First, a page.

Sample introduction

A coMESH injector was set-up for each sample chamber as described previously22. In order for the coMESH geometry to interface with the standard CXI injector rod hardware, the Labsmith Tee was placed outside of vacuum, resulting in a 1.5 m long concentric length of capillaries, as opposed to the shorter 5 cm length reported previously. The inner sample line was 2 m of 100 × 160 μm fused silica capillary from Polymicro (Molex) and connected directly to the custom LCLS sample reservoirs. The sister liquor was the same MPD sister liquor reported in Sierra et al.22. The concentric capillary was 250 × 360 μm fused silica capillary. High voltage power supplies (Iseg) supplied voltages to the sister liquor less than 5 kV and <1 μA. The flowrate of the sister liquor was adjusted between 1–10 μl min−1 in order to ensure jet stability and quality, sometimes resulting in higher than normal backgrounds.

Data availability

Coordinates and structure factors have been deposited in the Protein Data Bank ( under the accession code 5JD2. Data associated with the manuscript can be obtained from the authors in raw or reduced format upon reasonable request.

Additional information

Accession codes: Protein Data Bank: coordinates and structure factors of Streptavidin-selenobiotin complex have been deposited under accession code 5JD2.

How to cite this article: Hunter, M. S. et al. Selenium single-wavelength anomalous diffraction de novo phasing using an X-ray-free electron laser. Nat. Commun. 7, 13388 doi: 10.1038/ncomms13388 (2016).

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Portions of this research were carried out at the Linac Coherent Light Source (LCLS) at the SLAC National Accelerator Laboratory. LCLS is an Office of Science User Facility operated for the US Department of Energy Office of Science by Stanford University. Use of the Linac Coherent Light Source (LCLS), SLAC National Accelerator Laboratory, is supported by the U.S. Department of Energy, Office of Science, Office of Basic Energy Sciences under Contract No. DE-AC02-76SF00515. H.D., R.G.S., and E.H.D. acknowledge the support of the OBES through the AMOS program within the CSGB and the DOE through the SLAC Laboratory Directed Research and Development Program. Parts of the sample delivery system used at LCLS for this research was funded by the NIH grant P41GM103393, formerly P41RR001209.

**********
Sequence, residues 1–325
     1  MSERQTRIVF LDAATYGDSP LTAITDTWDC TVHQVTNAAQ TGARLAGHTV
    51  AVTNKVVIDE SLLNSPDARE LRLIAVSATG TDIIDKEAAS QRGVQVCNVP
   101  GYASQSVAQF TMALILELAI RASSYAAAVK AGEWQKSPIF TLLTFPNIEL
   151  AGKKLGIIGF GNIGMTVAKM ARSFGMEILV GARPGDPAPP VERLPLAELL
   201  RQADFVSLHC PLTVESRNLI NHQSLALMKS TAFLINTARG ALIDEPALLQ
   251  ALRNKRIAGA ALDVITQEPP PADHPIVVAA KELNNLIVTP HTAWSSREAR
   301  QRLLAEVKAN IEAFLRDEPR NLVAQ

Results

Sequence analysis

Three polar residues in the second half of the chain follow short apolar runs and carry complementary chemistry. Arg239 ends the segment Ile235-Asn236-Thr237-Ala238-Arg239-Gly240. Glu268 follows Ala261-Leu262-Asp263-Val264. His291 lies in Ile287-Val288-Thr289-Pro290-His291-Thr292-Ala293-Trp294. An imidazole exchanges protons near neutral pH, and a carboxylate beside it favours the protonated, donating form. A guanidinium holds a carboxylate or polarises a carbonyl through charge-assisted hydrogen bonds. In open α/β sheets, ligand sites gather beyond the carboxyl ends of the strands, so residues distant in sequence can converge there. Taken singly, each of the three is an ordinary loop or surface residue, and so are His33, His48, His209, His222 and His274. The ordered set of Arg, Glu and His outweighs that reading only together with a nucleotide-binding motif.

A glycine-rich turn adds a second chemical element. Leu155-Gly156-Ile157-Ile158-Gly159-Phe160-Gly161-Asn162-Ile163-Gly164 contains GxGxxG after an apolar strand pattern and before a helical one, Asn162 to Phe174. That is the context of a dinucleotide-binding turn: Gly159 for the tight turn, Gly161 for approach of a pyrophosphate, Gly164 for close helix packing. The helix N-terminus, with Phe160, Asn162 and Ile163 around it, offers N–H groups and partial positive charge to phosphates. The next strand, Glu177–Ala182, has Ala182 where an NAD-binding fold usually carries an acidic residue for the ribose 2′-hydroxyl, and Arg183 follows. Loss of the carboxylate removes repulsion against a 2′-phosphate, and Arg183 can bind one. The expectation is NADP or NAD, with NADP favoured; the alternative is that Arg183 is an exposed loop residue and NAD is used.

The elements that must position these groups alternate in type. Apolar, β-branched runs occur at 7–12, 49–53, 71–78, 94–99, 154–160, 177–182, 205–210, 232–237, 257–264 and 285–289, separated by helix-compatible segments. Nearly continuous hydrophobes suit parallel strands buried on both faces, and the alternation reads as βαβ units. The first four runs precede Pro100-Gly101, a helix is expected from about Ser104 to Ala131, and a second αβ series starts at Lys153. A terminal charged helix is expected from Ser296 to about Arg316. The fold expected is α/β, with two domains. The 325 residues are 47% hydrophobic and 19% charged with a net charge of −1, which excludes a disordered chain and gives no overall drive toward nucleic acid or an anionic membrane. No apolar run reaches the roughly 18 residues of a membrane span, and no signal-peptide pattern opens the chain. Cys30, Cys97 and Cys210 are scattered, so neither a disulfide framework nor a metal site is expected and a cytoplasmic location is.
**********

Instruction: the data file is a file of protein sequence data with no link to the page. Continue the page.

Author information


  1. Linac Coherent Light Source, SLAC National Accelerator Laboratory, Menlo Park, California 94025, USA

    • Mark S. Hunter
    • , Chun Hong Yoon
    • , Raymond G. Sierra
    • , Radman Ahmadi
    • , Andrew L. Aquila
    • , Halilibrahim Ciftci
    • , Serge Guillet
    • , Matt J. Hayes
    • , Thomas J. Lane
    • , Meng Liang
    • , Jason E. Koglin
    • , Paul Mgbam
    • , Yashas Rao
    • , Lindsey Zhang
    • , Soichi Wakatsuki
    •  & Sébastien Boutet
  2. Stanford PULSE Institute, SLAC National Accelerator Laboratory, Menlo Park, California 94025, USA

    • Hasan DeMirci
    • , Raymond G. Sierra
    • , E. Han Dao
    •  & Fulya Aksit
  3. Biosciences Division, SLAC National Accelerator Laboratory, Menlo Park, California 94025, USA

    • Hasan DeMirci
    • , E. Han Dao
    • , Thomas J. Lane
    • , Ulf Lundström
    •  & Soichi Wakatsuki
  4. Stanford Synchrotron Radiation Lightsource, SLAC National Accelerator Laboratory, Menlo Park, California 94025, USA

    • Hasan DeMirci
    •  & James M. Holton
  5. Department of Biochemistry and Biophysics, University of California, San Francisco, California 94158, USA

    • James M. Holton


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M.S.H., S.W. and S.B. designed and coordinated the project. H.D., R.G.S., E.H.D., R.A., F.A., H.C., P.M., Y.R., L.Z. built the coMESH injectors, prepared and characterized the samples. M.J.H. and S.G. built and installed the hardware to run the CXI instrument at 12.8 keV. M.S.H., C.H.Y., H.D., R.G.S., E.H.D., R.A., F.A., A.L.A., H.C., M.L., U.L., J.K., P.M., Y.R., L.Z. and S.B. conducted the experiments. R.G.S. and E.H.D. operated the coMESH injectors. C.H.Y., T.J.L. and M.S.H. processed the data. M.S.H. reached out to J.M.H. for help analysing the challenging data set. J.M.H. and C.H.Y. phased the data. H.D. refined the structure. M.S.H., C.H.Y., H.D., R.G.S., E.H.D. and S.B. prepared the manuscript with input from all of the authors.

Competing interests

The authors declare no competing financial interests.

Corresponding author

Correspondence to Mark S. Hunter.

Supplementary information